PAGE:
Of all the bleak elimination scenarios that Scottish fans foresaw for their team, this one was the cruelest. They almost did their bit. It all went wrong elsewhere. No one thought that Ireland would beat Germany. No one. Not that it mattered by then. Indeed, did it ever matter at all? Scotland were doomed when they offered up a first-gear performance in Georgia and dropped those crucial points. It looks as if everyone else in the United Kingdom and Ireland is going to France without them.

The incompetence of the Greek side is numbing. Every time they lose, you become further desensitised to just how bad they are. So here's a reminder: They were the top seed in their group, but they have failed to win a single game, they have scored just three times in nine matches and they managed to lose home and away to the Faroe Islands, a tiny North Atlantic archipelago with a population of under 50,000. This is a shocking state of affairs and, while the Greek people do admittedly have more pressing issues, a major rethink is required before the next qualifying campaign in 2016.

Gargh, Albania! So close to their first ever qualification for a major tournament, and they let it slip in the closing stages of their penultimate game. And to Serbia too, with all the heavy historical meaning it brings. Still, though it would sound trite to say it at any other game, at least there were no major incidents of controversy, unlike the last meeting between these two teams. No mean feat given the strength of feeling between these two sides and, not least, the fact that the stadium was surrounded by rifle-wielding marksmen as part of a massive security operation. Better luck next week away at Armenia, perhaps. Thanks to Denmark's defeat, the dream can still be realised.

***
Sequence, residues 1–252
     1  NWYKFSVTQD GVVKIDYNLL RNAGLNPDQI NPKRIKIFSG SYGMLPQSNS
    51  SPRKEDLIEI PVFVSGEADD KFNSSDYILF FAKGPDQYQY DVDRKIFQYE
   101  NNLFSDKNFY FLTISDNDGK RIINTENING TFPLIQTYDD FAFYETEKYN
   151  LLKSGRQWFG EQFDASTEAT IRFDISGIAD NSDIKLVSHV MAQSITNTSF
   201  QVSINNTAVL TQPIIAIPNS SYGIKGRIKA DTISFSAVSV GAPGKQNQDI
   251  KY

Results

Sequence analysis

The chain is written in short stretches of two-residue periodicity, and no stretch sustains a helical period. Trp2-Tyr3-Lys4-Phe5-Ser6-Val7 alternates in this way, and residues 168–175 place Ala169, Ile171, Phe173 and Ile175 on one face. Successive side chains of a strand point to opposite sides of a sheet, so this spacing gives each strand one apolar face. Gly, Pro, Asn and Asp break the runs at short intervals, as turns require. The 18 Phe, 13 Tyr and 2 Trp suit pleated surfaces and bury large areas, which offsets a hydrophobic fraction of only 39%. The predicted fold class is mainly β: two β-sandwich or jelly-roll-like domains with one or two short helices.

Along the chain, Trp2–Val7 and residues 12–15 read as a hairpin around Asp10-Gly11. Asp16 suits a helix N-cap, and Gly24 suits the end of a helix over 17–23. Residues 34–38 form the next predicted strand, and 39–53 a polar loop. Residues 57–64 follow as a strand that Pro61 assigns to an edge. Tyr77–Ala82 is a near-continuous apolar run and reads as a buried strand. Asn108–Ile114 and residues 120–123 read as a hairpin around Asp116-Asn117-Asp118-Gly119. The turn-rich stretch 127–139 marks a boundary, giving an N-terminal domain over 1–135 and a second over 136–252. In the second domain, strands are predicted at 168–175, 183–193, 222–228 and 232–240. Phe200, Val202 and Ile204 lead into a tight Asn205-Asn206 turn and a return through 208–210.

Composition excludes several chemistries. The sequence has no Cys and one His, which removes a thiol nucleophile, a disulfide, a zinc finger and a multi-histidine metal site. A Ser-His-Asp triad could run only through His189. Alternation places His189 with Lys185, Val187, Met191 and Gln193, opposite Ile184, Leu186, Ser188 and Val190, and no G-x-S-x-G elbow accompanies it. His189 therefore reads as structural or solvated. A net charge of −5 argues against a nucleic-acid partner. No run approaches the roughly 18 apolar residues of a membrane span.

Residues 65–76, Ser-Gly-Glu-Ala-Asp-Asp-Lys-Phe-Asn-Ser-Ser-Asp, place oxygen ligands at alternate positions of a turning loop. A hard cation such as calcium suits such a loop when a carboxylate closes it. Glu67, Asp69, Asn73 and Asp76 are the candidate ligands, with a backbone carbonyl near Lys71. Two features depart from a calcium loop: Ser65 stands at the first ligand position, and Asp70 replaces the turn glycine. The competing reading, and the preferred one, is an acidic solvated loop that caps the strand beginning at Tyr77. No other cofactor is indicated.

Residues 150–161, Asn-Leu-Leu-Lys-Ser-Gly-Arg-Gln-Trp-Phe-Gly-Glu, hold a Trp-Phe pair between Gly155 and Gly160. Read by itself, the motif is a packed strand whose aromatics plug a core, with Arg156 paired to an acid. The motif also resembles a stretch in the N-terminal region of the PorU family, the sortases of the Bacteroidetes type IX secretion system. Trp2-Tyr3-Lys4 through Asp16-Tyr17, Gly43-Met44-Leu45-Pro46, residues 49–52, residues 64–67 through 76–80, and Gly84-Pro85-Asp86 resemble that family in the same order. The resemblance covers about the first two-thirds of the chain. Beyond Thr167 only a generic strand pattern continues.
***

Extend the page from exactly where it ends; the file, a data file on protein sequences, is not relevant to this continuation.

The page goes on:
Albania's Euro 2016 hopes took a hit after their 2-0 defeat to Serbia.
Albania's Euro 2016 hopes took a hit after their 2-0 defeat to Serbia.

Someone at Manchester City walked under three ladders and over all the cracks in the pavement on their way to work this week. Sergio Aguero was left sobbing in the Argentina dressing room when he realised he'd miss at least a month with yet another muscular injury. A limping David Silva was withdrawn after just nine minutes while playing for Spain. City have great players, but they don't really have many players. In two weeks they face Manchester United. They'll do it without two of their most potent attacking threats.

If you, like me, thought the new, expanded format of the European Championships was going to make the qualifying stages boring, boy, did you get it wrong. Whether it was the new format that made the elite nations complacent or the increased chance of progression that emboldened the minnows, this has been one of the most eye-popping qualifying campaigns of recent years. It's going to be quite tricky to put a smile on the face of Michel Platini at the moment, given the awkwardness with FIFA, but at least he got this right. The jury is very much out on a 24-team tournament where it's possible to qualify from the group stage with two points, but the qualifiers have been utterly compelling.

Iain Macintosh covers the Premier League and Champions League for ESPN FC. Follow him on Twitter @IainMacintosh.